Woods For Smoking

Discussion in 'Woods for Smoking' started by dutch, May 21, 2006.

  1. shellbellc

    shellbellc Master of the Pit OTBS Member

     
  2. shellbellc

    shellbellc Master of the Pit OTBS Member

    BTW, has anyone ever used raspberry or black raspberry mixed in with other such a cherry or apple?
     
  3. av8tor

    av8tor Meat Mopper

    I have a good selection of wood to prune at my mother-in-laws, Apple - Wild Cherry – Alder – Hickory – Mulberry – Black Walnut - Oak. I was curious as to the sizes I should cut the blocks and what and where is the best way to store the blocks? This will be for a GOSM propane smoker. Is it bad to cut wood that won’t be used for a couple of months?
     
  4. white cloud

    white cloud Master of the Pit OTBS Member

    Well I'm sure you already no the seasoning part. Cut them now to the size that fits your smoker if you have the time. and just lay em out to dry/ season. If no time, cut them to fire wood size incase you feel romantic.
     
  5. brandsbay

    brandsbay Meat Mopper SMF Premier Member

    I use a lot of Willow and it smokes just fine for Beef,Pork and Chicken,but prefer oak for the fish on the ECB. Did found that Birch was much better with the bark removed,left a real bitter taste if left on.Got a big Red Oak that is going to get Swedish blite this winter,so will be able to see if there is much difference from English oak.
     
  6. droptine

    droptine Newbie

    Can ANY ceder be used, where I bow hunt, the farmer has been harvesting cedar, I believ it is white cedar? He offered me any amount of wood I want for smoking my meat. So question is, any cedar is safe?
     
  7. travcoman45

    travcoman45 Master of the Pit OTBS Member

    Cedar is never used fer smokin. The only time cedar is used fer cookin is in grillin such as fer fish. Ifin ya burn cedar, it will give off a horrible smoke that will be very bitter.
     
  8. dirtman775

    dirtman775 Smoking Fanatic

    nj
    What is an average time frame when drying/seasoning your wood?, to get it ready for smoking.
     
  9. travcoman45

    travcoman45 Master of the Pit OTBS Member

    Fair number a variables there, logs take longer, split it down as small as ya can use, stack it so's the air moves through it some, chunks will dry faster. A loose fittin tarp ta keep the rain off an let the air in works to.

    Three months ta six months bout the usuall fer me.
     
  10. dirtman775

    dirtman775 Smoking Fanatic

    nj
    thanx trav[​IMG]
     
  11. Well today I bought a truck load of white oak for $65 not to bad i like oak is a good heat source i have had no problem burning the bark too most of the time ill just use oak alone but i do have some hickory and pecan i like to mix the with the oak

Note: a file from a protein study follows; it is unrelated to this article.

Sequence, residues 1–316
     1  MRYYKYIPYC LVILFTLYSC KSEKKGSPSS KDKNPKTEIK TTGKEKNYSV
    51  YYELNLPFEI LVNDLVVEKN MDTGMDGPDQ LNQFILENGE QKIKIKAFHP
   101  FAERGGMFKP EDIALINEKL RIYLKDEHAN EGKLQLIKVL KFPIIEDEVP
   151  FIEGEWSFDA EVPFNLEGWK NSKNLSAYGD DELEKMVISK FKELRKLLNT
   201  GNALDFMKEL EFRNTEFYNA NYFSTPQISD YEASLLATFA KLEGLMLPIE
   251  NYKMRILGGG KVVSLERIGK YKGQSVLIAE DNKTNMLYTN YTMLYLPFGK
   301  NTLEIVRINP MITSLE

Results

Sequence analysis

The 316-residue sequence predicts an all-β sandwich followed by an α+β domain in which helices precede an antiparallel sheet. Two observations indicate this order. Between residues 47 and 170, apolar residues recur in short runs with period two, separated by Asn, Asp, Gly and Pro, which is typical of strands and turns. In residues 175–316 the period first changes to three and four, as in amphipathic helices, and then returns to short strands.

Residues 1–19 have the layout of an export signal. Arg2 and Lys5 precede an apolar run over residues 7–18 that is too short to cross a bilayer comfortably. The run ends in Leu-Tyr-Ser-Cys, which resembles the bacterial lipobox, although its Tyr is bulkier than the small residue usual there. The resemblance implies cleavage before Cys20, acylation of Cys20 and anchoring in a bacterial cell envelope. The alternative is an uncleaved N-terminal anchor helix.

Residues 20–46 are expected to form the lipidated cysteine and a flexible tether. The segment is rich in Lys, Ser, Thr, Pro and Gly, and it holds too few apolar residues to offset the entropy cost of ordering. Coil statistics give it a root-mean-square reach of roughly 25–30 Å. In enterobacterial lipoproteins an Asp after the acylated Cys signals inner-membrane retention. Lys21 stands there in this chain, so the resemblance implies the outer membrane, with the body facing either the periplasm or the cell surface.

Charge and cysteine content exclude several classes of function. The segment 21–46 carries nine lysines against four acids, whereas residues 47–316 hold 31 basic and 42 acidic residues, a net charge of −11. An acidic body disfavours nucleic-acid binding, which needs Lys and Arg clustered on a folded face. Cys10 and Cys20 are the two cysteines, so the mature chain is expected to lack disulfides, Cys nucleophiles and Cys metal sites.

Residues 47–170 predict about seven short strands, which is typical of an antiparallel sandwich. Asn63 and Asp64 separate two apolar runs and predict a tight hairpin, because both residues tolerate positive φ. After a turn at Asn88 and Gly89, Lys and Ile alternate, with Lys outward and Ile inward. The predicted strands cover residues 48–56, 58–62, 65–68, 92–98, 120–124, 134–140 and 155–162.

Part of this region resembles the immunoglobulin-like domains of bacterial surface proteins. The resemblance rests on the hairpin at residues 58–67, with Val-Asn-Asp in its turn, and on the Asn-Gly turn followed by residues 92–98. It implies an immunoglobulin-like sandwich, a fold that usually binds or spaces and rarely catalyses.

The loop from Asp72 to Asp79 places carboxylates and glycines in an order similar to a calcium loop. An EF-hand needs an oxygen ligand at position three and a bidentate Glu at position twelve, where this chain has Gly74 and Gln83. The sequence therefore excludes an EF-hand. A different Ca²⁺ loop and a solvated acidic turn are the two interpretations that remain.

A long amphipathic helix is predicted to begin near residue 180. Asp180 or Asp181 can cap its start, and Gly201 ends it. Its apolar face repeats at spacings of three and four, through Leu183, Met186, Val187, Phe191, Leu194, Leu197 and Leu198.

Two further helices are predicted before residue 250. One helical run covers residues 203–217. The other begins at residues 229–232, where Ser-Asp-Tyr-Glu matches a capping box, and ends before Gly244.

12. Hey bill i would like know where u get your cherry wood i am from pensacola fl not to far away LOL
     
  13. bernie

    bernie Newbie

    anyone ever try a mixture of pecan + walnut?
     
  14. Don't know why you include sassafras on your list of do not use, it is the best wood for chicken I have ever found. Makes a really sweet red flavor, I have used it for years as do many around this part of the country.
     
  15. sqwib

    sqwib Smoking Guru OTBS Member

    From reading this sticky I'm good with ash, but should I strip the bark for use in a stick burner? Will I get enough heat from ash or should I alternate in the firebox with oak?
     
  16. fire it up

    fire it up Smoking Guru OTBS Member

    If you can strip the bark it is always a good idea.
    Some woods the bark won't make a huge difference but they all do add a bit of bitter flavor, some more than others, and you have to figure...all the impurities and bugs doing their vomit and sexy actions, dirt and dust and pollen blowing, smokes, pollutants, all of that that hits a branch of tree will be somewhat absorbed into the wood itself but tha majority of "bad" bits will be contained in the bark.
    Isn't it amazing how nature wants us to smoke meats?
    It provides perfectly cleaned/filtered wood, many flavors. Many, many different cuts of meat perfectly suited for the low and slow, lines and markings in the meat to help us cut it better, this is what man is meant to do, we are supposed to cook natural meats over a natural fuel source like wood, nature makes sense, and tastes delicious.
     
  17. This year I started talking with one of the other dads on my sons football team. Turns out he's an arborist. He also loves BBQ. We made a deal, he gives me whatever wood I need, and I feed him.

    So far I've gotten maple, three different kids of oak, cherry, apple, pecan, and most recently, apricot.

    The only difference between the wood I get from his inventory and the stuff I used to buy in boxes is the bark. The place that I used to get it from markets to restaurants and their wood is clean. This stuff has the bark on it, and sometimes moss. So I pre-burn it, and don't put it in my smoker until the bark has burned off.
     
  18. I saw where someone mentioned a paper birch. Is that the same as a river birch? I ask because I have river birches in my backyard and they shed limbs easily. The bark looks like thin sheets of paper peeling away from the trunk. If these are not the same trees, would my river birch be a good wood to use?
     
  19. Well I just found that a paper birch and river birch are two different species of birch trees. However, I am still trying to find out if the river birch is a tree suitable for smoking.
     
  20. ugaboz

    ugaboz Smoking Fanatic

    this is great thanks
     

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